Have you ever heard the one about how to eat an elephant? One bite at a time. It’s about taking a seemingly insurmountable task and breaking it down into a series of bite-sized pieces to make it doable. Divorce can and should be handled in the same way. It may seem paradoxical but think of the word PEACE.
This acronym stands for Parenting, Equitable Distribution (the division of your stuff), Alimony, Child Support, and Everything Else. You can see that divorce is clearly about money and, in some cases, kids. When these issues are negotiated in a systematic manner, the whole process can be accomplished relatively quickly. Pain can be minimized, and tens of thousands of dollars can be saved. Unfortunately, divorce often goes the other way for a number of reasons, nearly all of them avoidable. From my experience, there are two main causes for a costly and protracted divorce: first, letting raw emotion take control of the situation and, second, the lack of organization during negotiations.
A Vulcan Divorce
Before we go any further, I want to show you a quick illustration of what divorce would look like on the planet Vulcan. I won’t assume that you’re a science fiction geek like me, so I’ll give you a quick briefing on Vulcans. For the non-Trekkie, the Vulcan Mr. Spock was First Officer assigned to the Starship Enterprise. Famously known for their lack of human emotions, all Vulcan decisions are based on logic. They are not burdened by the silly human condition of emotion. Mr. Spock often respectfully questioned the logic of his Commanding Officer’s choices. Imagine how simple a divorce would be for Mr. and Mrs. Spock. They’d hash it out between themselves in about an hour, and it would look something like this.
They would share time with their kids equally, alternating holidays and birthdays. All major child-rearing expenses would be discussed and agreed upon (rationally, of course) before incurring them. Once consensus was reached, expenses would be shared equally.
Vulcans would simply break out their balance sheet and split it in half. They are Vulcans, so naturally, they keep their financial statements up to date at all times. Neither has any emotional tie to any of their possessions so this part goes very quickly. Their financial accounts total about $800,000. Simple, $400,000 each. They’ve paid off their home and it has no sentimental value (what’s sentimental value?) to either of them. They sell it and split the proceeds 50/50. You get the picture.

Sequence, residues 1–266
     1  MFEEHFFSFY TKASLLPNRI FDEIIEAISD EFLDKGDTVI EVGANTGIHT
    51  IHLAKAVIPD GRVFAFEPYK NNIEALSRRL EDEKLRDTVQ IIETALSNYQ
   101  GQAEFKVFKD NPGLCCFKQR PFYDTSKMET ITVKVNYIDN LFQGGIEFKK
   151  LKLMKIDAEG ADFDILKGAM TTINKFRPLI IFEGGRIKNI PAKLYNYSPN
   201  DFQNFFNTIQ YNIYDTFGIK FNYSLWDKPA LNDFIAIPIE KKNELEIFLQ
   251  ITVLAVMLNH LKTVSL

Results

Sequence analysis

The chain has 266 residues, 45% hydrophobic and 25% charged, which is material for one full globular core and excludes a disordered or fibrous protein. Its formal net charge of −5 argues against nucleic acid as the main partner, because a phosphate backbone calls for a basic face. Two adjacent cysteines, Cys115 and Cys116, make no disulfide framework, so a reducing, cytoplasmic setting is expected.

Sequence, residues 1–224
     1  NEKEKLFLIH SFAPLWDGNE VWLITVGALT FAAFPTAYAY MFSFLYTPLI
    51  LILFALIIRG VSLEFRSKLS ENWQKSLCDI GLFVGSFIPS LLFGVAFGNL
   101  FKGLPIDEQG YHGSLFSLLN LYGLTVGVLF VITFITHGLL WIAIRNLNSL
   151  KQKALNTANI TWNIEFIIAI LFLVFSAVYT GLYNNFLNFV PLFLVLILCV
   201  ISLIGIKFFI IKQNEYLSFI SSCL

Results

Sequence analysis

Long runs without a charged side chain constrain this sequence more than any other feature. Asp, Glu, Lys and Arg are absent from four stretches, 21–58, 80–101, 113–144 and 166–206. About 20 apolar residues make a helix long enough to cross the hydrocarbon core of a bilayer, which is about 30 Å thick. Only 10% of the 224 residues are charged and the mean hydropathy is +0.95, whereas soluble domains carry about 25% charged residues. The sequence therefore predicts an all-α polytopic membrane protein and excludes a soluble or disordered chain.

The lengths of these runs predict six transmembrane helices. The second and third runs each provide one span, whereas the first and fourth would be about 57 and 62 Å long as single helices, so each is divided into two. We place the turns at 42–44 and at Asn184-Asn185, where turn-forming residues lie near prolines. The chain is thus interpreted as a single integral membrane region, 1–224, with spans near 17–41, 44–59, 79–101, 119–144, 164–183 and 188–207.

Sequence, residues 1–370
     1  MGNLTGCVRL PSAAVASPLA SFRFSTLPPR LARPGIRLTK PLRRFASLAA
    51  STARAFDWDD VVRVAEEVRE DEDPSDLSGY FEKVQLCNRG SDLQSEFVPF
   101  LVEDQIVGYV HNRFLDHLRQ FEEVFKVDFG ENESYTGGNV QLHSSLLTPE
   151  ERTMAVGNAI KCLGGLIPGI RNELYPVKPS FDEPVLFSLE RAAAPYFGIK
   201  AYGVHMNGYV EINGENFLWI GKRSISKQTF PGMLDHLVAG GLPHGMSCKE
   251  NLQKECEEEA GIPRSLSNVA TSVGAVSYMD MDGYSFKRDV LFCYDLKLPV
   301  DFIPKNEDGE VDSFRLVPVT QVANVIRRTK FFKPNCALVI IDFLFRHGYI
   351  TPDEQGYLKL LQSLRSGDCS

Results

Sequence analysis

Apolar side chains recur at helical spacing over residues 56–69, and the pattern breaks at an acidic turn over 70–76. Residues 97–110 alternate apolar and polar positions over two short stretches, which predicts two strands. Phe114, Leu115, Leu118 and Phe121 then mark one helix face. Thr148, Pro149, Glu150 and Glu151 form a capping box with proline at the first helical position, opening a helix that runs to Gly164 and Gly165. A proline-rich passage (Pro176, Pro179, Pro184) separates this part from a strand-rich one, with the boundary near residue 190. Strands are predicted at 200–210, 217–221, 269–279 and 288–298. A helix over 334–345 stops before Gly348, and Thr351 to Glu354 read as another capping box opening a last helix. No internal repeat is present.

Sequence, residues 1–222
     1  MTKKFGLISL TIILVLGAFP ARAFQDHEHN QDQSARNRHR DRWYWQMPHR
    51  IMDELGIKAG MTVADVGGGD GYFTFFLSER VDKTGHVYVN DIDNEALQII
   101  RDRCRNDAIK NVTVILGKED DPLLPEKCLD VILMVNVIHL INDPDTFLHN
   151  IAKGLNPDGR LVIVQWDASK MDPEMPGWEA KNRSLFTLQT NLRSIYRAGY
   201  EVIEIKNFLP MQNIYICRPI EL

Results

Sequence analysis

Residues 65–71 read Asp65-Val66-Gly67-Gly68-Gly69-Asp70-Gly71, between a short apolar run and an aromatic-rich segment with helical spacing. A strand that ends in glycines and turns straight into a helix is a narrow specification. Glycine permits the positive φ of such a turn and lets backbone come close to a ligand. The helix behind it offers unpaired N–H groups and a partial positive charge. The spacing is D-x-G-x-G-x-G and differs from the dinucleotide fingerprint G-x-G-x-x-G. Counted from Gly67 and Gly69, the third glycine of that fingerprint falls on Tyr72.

Piece of cake. They break out their financial affidavit, which you’ll read about in Chapter 6, but for now, you just need to know it’s a listing of all incomes, expenses, assets, and liabilities. Then on an after-tax basis, they equalize their incomes with spousal support payments.
This isn’t an issue in a Vulcan divorce. Both spouses make the same after-tax income (see Alimony), and all non-incidental expenses related to the children are approved together and shared equally (see Parenting).
There is nothing else; they’re Vulcans. Everything else would be a “loose-end” related to that silly human foible, emotion.
Fortunately, we’re not Vulcans. What would be the fun of that? Since we share a planet, most of us are closer to the human starship commander, Captain James T. Kirk. For those unfamiliar with the storyline, Jim is a near polar opposite of Mr. Spock. He is hyper-emotional and prone to verbal outbursts that would have kept the writers of Saturday Night Live in material for months. Given our genetic reality, it’s very likely we’ll need some support in getting through the emotional journey of a divorce. This is exactly why the collaborative approach can be so powerful.